Known as a dedicated mentor to generations of vocal jazz students, Zegree was held in high regard by his peers in the educational community. “It is with deep sadness but incredible gratitude that we say goodbye to our director, our friend, our motivator, our inspiration and our visionary voice, Dr. Stephen Zegree,” said Ly Wilder, a member of the vocal jazz faculty at the Jacobs School, in a statement issued by Indiana University. “As a student and a colleague, I have been blessed to know the generosity and the artistry of this man. He has invested his life in the musical growth and professional development of so many young musicians, and he leaves a legacy of beautiful music in his wake.”

Zegree, who was inducted into the DownBeat Jazz Education Hall of Fame in 2012, placed high expectations on his students, drawing from his own extensive experience as a professional performing musician. Although frequently described as “demanding,” he was known as a compassionate teacher with boundless energy and a disarming sense of humor. His success has been attributed to his tireless personality and an underlying commitment to excellence. “I work hard; I put in a lot of hours, and I have a lot of energy,” he said in the June 2012 issue of DownBeat. “If I average four or five hours [of sleep] a night, I’m feeling pretty good.”

Born on May 5, 1953, in Vancouver, Washington, Zegree started playing piano at age 3. He received a bachelor’s degree in piano performance from Miami University in 1975 and a master’s degree in piano performance from Indiana University in 1978. He would go on to receive a doctorate in choral conducting from the University of Missouri-Kansas City in 1989.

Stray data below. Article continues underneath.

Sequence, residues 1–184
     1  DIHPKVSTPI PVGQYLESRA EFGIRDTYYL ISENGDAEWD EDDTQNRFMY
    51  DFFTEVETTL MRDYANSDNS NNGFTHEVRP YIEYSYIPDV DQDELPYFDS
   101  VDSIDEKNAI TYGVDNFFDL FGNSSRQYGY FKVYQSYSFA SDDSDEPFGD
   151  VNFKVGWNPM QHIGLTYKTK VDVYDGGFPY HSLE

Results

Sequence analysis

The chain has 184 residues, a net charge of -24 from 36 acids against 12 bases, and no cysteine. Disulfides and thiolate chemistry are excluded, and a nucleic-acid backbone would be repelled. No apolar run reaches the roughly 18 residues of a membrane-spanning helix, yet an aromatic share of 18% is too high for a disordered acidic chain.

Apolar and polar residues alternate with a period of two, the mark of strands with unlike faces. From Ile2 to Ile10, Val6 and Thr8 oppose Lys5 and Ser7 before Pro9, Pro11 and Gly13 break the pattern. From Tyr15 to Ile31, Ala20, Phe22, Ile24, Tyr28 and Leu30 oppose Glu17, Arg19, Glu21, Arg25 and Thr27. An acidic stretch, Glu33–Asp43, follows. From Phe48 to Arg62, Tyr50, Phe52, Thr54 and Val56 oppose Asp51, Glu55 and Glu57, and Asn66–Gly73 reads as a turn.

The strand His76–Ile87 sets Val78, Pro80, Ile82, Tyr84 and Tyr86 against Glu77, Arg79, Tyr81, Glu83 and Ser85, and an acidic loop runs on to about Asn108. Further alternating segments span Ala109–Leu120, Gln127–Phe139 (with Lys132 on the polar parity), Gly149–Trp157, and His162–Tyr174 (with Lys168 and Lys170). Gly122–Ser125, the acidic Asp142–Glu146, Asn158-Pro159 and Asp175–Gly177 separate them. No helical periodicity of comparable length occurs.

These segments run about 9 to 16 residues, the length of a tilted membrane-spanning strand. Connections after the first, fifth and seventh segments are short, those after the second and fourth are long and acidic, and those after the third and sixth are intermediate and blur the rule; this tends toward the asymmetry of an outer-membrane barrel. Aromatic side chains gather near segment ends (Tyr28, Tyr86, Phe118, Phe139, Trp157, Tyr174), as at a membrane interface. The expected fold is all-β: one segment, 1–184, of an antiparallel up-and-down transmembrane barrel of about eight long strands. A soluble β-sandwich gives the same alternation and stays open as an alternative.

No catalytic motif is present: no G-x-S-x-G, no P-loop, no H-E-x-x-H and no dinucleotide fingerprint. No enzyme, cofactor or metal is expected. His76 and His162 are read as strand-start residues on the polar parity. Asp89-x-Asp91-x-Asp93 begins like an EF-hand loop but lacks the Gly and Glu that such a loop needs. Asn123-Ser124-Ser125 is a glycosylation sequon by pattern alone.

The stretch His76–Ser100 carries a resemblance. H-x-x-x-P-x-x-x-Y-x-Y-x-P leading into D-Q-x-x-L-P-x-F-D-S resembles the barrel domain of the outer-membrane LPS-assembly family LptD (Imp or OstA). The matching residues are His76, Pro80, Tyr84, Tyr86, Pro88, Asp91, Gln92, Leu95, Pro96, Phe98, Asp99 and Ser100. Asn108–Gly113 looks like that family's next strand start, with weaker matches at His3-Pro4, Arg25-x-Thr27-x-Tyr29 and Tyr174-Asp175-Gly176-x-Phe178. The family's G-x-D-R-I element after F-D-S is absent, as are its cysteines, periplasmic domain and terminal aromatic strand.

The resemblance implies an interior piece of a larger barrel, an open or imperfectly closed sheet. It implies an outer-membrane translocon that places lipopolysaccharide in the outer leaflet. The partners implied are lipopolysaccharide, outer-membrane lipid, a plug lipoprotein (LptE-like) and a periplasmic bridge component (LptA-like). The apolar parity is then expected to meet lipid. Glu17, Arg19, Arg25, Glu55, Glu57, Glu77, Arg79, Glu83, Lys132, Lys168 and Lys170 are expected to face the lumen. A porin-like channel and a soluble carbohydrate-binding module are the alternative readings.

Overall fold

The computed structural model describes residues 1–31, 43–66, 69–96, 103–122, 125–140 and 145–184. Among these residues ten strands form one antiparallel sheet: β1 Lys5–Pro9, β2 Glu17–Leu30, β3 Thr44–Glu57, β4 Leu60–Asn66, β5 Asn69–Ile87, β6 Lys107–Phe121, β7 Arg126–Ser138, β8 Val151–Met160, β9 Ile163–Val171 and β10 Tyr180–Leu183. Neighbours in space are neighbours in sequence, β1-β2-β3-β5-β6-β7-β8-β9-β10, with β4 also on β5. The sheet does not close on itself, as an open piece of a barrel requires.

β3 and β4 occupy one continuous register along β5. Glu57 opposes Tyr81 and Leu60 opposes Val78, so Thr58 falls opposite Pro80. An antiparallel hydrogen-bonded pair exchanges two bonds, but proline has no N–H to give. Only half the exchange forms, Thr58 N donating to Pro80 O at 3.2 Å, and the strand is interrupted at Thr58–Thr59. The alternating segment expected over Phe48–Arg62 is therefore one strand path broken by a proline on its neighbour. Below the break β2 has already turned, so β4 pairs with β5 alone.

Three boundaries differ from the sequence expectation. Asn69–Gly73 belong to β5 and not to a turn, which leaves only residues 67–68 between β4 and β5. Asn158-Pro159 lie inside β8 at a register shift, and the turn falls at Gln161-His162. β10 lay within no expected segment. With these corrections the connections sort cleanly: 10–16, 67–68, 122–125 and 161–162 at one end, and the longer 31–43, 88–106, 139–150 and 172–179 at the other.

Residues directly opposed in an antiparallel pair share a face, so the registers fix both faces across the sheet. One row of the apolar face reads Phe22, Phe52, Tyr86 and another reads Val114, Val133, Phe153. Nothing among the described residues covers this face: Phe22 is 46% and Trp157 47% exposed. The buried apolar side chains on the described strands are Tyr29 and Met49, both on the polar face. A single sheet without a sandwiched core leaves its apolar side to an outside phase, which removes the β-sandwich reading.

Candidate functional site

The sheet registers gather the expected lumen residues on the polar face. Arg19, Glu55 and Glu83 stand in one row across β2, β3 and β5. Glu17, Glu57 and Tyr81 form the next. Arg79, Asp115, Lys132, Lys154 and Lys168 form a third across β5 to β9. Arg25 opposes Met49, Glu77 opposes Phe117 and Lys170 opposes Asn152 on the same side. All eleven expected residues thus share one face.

Zegree discovered his passion for teaching after beginning his career as a performer. When WMU hired him in 1978, he was charged with teaching piano and molding an existing ensemble called the Varsity Vagabonds into a respectable vocal jazz group. “Being a college professor wasn’t something that I had aspired to or was part of my life script,” he told DownBeat. “The opportunity came up and initially I thought, ‘I’ll try this out for a year.’”

His presence at WMU helped to boost the school’s international cachet as a place to study jazz. He started an annual vocal jazz festival at the school and founded the Steve Zegree Vocal Jazz Camp for high school and college students and teachers during his stint there.

A Steinway Artist, Zegree maintained an active schedule as a performer, clinician and choral conductor throughout his teaching career. He played piano with symphony orchestras, gave solo concerts and toured as a keyboardist with national Broadway shows.

Additionally, he was the arranger and rehearsal director for actor-singer-producer Nick Lachey’s winning choir on NBC’s telecast of Clash of the Choirs, and he conducted the World Youth Choir during the 2008 Olympics in China.

Zegree recorded four CDs as pianist with the Western Jazz Quartet, and one as a leader, Steve Zegree & Friends (Sea Breeze, 2009). He also produced several recordings, including the Grammy-nominated Mark Murphy Sings Nat’s Choice: The Complete Nat “King” Cole Songbook, Volumes 1 & 2 (Muse, 1994).